Ashley Dombkowski was 12 years old when she landed her first job at a cardiologist’s office in Los Angeles. Dombkowski’s in? Her grandmother, Sally Cody, was a nurse technician there.

Dombkowski was drawn to how they used analytical data to better understand cardiovascular disease.

Ashley Dombkowski at 12. (Photo courtesy of Ashley Dombkowski)
Ashley Dombkowski at 12. (Photo courtesy of Ashley Dombkowski)

Her fascination with data and science at a young age guided much of her career. She earned a PhD in mathematics, invested in major biotechnology companies and spent two years as the chief business officer of 23andMe, a human genome company best known for helping people explore their ancestry through DNA tests.

Dombkowski’s latest venture is Before Brands, a health and wellness company that she co-founded with Kari Nadeau, a Stanford pediatrician. One of their missions is to reduce food allergies in children prior to development.

They recently launched SpoonfulOne, a daily dietary supplement powder designed to help a child’s immune system get to know the foods responsible for 90 percent of food allergies.

SpoonfulOne’s powder mix-in. (Courtesy of SpoonfulOne)
SpoonfulOne’s powder mix-in. (Courtesy of SpoonfulOne)

SpoonfulOne contains Vitamin D and extremely small portions of 16 food proteins, including peanuts, milk, eggs and soy. When a child is between four and six months old, a parent can begin mixing the supplement into the baby’s food once a day. SpoonfulOne is not for children who have already been diagnosed with a food allergy. The mix-in is a way for parents to expose their babies to a wide range of foods in a simple way.

“Trying to get all of those foods into your house and then into the diet so consistently” is almost impossibly difficult to do, she said.

The idea behind SpoonfulOne lies in the mantra “early and often.” If a child is introduced to potentially allergenic foods early on, research suggests it might help prevent allergies.

Dombkowski’s two daughters don’t have food allergies, but she’s seen their friends battle the condition, along with her nephew.

“We have food allergies all around us, and I never remember seeing it when I was a kid in school,” Dombkowski said. The data backs her up.

From 1997–1999 to 2009–2011, food allergy prevalence among children has increased by 50 percent, according to the Centers for Disease Control and Prevention.

“There is something going on in the environment that is disrupting our immune system,” Dombkowski said. “We have [almost] six million children in the U.S. with a food allergy now. Some food allergies have been doubling in the past decade … That can’t be explained by genetics alone. It has to be environmental.”

Although there is no definitive reason why food allergies are on the rise among children in the U.S., some researchers point to changes in food processing, particularly when it comes to peanuts. The hygiene hypothesis is also a popular theory. Essentially, the hypothesis states, our environments are too clean. Kids aren’t being exposed to enough germs, and their immune systems “can’t tell the difference between harmless and harmful irritants.”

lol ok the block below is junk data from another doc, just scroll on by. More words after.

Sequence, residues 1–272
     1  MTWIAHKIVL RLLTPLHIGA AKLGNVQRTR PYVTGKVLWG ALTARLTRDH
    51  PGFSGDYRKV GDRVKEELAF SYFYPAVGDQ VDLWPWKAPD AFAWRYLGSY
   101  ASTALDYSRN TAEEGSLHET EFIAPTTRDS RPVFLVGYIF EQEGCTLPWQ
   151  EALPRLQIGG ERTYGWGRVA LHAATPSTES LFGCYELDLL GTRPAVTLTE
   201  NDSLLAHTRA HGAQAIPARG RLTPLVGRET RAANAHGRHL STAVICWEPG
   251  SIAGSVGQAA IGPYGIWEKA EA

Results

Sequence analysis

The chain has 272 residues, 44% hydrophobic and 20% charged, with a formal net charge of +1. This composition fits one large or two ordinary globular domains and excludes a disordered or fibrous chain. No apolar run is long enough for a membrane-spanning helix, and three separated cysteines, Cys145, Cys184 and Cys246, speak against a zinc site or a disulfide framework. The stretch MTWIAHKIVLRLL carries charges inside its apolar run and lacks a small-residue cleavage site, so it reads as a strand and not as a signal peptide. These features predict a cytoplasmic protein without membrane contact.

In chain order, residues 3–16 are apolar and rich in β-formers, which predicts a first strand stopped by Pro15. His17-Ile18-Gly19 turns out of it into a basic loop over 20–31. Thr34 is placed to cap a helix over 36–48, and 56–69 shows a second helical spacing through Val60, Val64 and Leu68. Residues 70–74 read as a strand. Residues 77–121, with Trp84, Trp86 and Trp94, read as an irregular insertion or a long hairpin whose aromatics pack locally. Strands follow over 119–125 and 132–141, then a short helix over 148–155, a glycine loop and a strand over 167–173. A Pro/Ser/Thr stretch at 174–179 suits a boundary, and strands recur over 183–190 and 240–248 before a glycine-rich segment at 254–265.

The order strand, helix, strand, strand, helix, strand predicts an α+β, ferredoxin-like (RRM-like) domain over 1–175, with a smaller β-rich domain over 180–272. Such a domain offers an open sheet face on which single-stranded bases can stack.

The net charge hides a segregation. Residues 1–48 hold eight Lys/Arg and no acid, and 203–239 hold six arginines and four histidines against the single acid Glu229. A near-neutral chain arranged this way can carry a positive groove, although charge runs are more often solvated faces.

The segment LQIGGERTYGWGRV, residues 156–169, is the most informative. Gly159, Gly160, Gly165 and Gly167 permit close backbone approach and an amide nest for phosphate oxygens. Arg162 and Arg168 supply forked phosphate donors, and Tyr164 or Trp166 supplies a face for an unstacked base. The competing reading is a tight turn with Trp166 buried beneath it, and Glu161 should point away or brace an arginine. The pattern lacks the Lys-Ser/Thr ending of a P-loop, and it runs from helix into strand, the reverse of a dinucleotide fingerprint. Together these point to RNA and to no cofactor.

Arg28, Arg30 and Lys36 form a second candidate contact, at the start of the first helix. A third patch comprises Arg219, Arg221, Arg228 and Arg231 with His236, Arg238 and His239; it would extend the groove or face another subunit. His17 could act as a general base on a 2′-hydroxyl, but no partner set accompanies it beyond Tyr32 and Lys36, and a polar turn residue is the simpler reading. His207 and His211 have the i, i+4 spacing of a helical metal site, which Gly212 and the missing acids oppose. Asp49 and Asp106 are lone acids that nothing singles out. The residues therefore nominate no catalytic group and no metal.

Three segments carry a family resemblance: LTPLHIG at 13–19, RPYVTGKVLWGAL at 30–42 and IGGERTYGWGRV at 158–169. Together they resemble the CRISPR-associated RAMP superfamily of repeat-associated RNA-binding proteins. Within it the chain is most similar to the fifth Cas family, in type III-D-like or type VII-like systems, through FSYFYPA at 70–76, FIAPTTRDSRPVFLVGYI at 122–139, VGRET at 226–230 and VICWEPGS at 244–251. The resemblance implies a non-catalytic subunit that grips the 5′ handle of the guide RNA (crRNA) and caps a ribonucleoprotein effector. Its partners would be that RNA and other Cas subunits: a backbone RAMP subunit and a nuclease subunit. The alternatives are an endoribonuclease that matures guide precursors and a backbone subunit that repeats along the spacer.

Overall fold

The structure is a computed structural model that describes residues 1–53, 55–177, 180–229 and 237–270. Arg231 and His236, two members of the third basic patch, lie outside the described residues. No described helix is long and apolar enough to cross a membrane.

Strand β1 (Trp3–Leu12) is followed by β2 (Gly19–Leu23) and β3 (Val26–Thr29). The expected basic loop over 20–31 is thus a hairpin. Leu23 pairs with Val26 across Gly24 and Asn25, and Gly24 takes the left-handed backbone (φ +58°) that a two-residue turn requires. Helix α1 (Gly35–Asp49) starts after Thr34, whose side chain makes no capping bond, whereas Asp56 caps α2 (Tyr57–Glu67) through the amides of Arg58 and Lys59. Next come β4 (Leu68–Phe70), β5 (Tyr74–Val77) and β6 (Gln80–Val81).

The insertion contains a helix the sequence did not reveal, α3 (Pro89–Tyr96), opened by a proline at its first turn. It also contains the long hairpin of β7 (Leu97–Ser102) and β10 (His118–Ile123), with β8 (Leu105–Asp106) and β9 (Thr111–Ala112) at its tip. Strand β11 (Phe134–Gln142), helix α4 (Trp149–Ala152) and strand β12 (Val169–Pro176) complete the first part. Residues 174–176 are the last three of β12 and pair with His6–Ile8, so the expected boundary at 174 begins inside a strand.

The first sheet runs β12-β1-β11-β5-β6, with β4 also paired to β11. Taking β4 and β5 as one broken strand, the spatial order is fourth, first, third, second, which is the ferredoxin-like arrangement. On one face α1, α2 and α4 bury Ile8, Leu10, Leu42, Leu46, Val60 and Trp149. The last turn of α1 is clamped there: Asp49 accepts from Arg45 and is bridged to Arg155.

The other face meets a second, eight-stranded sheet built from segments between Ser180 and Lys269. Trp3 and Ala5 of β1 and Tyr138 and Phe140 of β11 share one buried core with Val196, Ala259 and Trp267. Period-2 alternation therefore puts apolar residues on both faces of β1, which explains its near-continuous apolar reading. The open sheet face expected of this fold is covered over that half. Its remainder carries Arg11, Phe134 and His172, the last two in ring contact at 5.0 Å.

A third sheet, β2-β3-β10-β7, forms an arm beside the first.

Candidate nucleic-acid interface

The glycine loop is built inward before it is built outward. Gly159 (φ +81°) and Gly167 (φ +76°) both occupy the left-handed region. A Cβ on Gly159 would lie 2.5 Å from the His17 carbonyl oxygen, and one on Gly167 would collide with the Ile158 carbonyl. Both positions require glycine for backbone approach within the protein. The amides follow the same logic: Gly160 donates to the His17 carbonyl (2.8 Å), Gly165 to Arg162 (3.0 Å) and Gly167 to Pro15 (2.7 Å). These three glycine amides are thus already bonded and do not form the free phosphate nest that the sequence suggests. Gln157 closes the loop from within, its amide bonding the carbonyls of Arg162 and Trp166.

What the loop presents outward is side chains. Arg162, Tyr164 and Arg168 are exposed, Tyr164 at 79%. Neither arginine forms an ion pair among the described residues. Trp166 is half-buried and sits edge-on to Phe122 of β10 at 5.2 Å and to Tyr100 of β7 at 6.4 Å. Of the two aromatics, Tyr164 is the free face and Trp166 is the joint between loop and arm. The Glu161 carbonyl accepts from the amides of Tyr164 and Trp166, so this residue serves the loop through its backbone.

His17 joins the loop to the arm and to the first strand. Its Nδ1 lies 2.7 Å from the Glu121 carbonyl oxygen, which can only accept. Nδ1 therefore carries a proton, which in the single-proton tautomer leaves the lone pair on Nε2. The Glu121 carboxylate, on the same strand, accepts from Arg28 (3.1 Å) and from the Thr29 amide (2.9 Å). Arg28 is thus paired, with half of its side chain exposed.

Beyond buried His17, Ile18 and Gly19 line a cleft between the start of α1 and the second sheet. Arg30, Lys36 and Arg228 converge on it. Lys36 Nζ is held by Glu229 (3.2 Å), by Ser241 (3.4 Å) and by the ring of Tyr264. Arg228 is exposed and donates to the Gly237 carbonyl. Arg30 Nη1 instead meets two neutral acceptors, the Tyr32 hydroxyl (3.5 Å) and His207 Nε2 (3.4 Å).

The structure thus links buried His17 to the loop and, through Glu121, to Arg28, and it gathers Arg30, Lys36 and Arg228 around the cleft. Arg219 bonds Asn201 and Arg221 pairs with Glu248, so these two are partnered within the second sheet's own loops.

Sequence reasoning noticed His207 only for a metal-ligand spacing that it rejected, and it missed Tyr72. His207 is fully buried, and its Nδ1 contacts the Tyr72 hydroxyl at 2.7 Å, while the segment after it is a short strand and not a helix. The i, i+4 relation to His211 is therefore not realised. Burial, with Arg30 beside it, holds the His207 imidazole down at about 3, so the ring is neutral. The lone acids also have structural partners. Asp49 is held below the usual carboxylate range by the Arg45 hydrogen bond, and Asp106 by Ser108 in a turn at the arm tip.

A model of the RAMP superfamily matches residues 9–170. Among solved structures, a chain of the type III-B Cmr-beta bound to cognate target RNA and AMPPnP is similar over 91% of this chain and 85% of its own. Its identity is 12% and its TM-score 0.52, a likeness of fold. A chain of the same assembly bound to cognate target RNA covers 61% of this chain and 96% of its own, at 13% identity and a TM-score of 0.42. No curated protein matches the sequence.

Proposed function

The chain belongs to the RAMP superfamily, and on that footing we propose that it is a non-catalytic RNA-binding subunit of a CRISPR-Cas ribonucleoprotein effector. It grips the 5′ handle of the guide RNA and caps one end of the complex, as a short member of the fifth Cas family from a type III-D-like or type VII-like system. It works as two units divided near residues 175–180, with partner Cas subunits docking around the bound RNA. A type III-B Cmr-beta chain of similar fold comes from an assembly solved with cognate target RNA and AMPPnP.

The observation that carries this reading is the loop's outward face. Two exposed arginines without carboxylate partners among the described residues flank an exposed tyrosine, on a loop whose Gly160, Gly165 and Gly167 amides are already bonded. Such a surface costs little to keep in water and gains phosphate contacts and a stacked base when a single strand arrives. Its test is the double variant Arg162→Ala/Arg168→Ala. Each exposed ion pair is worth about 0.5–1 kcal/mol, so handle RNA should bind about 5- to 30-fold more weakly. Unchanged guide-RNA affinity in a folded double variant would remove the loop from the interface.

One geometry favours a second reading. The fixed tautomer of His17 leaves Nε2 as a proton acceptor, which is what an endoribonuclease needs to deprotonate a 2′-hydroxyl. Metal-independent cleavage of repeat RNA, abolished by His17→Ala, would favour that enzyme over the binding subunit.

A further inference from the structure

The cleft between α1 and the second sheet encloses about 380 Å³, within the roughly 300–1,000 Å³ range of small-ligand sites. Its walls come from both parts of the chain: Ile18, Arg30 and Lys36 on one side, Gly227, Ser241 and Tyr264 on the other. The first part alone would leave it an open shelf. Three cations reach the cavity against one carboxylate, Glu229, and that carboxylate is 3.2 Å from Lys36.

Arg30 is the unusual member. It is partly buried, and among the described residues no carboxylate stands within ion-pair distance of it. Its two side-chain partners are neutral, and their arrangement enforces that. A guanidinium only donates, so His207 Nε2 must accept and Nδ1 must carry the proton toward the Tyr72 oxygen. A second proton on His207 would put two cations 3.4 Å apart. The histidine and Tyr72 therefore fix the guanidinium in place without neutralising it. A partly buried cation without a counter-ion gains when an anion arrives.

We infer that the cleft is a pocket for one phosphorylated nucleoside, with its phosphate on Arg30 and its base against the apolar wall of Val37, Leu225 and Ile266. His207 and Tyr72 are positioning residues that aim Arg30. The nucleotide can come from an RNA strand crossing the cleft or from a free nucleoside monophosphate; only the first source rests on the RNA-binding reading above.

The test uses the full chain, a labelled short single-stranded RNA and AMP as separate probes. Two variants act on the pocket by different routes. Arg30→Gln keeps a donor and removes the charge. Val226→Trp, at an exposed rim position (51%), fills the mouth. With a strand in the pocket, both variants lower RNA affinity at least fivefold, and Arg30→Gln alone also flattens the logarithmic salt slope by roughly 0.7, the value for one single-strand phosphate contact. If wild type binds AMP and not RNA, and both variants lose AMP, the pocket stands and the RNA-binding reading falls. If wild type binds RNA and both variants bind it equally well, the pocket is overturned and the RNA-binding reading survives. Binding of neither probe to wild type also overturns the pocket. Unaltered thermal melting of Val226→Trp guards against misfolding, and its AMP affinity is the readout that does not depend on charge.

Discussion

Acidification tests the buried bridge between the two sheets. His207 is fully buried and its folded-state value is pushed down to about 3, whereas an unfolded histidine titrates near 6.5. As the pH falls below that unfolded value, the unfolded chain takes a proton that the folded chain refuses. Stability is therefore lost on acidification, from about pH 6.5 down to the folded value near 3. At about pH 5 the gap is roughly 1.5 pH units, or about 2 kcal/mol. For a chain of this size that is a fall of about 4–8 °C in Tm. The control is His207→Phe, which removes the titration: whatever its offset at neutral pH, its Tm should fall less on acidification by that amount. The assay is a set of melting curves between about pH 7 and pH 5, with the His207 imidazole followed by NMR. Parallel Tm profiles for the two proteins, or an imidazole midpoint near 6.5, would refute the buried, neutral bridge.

Dombkowski’s nephew is allergic to tree nuts and dairy, and there wasn’t a family history. Seeing him struggle really impacted her.

“It could have just as easily been my kids because there was no reason to think it could have been my nephew,” she said. “And when I saw as a scientist and a biotech entrepreneur that I could bring all that expertise and thinking to a new generation of families, I had to do it.”

Ashley Dombkowski at 12. (Photo courtesy of Ashley Dombkowski)
Ashley Dombkowski at 12. (Photo courtesy of Ashley Dombkowski)

Dombkowski met Nadeau, an expert in adult and pediatric allergy and asthma, at Stanford about seven years ago. While a lot of immunology research focuses on “turning up” the immune system to fight diseases like cancer, Nadeau’s thought was to “turn the system down,” so it didn’t overreact to things, like food. (At the time, Nadeau was working on the formula that would pave the way for SpoonfulOne.) This impressed Dombkowski.

She saw the potential for a consumer “preservation product.”

“You’ve got this healthy young baby, and let’s keep it that way,” Dombkowski said. Rather than reacting to a food allergy and attempting to treat it, the product they envisioned would preserve non-allergic babies.

In 2015, Dombkowski and Nadeau decided to go into business together. But before Dombkowski quit her job at a life sciences venture capital firm, the two women sat down to make sure they were on the same page.

They agreed on four words: Intelligently, creatively, responsibly and urgently.

“Once you know the science, you don’t want to wait,” Dombkowski said.

SpoonfulOne’s cheapest subscription option is $900 for a year’s worth of product. Since SpoonfulOne is for children who don’t already have allergies, it’s an extra cost for parents who are already on limited budgets.

(Photo courtesy of Ashley Dombkowski)
(Photo courtesy of Ashley Dombkowski)

“I think that regardless of your household income, parents aren’t trying to [figure out] whether getting a food allergy is cost-effective or not,” Dombkowski said. “They just don’t want their kids to have one.”

Having a food allergy can affect a child’s social life. Given the deadly nature of some food allergies, parents are forced to be extremely careful with where their kids can eat and play. These parents also face a significant economic burden: Caring for children with food allergies costs U.S. families nearly $24 billion annually, according to a 2013 study.

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